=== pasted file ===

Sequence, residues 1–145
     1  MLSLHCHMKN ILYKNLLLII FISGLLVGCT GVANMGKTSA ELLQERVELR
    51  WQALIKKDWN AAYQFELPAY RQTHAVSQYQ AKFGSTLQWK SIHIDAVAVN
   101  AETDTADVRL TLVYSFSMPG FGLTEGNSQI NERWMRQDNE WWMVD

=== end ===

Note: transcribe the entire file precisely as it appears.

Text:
Sequence, residues 1–145
     1  MLSLHCHMKN ILYKNLLLII FISGLLVGCT GVANMGKTSA ELLQERVELR
    51  WQALIKKDWN AAYQFELPAY RQTHAVSQYQ AKFGSTLQWK SIHIDAVAVN
   101  AETDTADVRL TLVYSFSMPG FGLTEGNSQI NERWMRQDNE WWMVD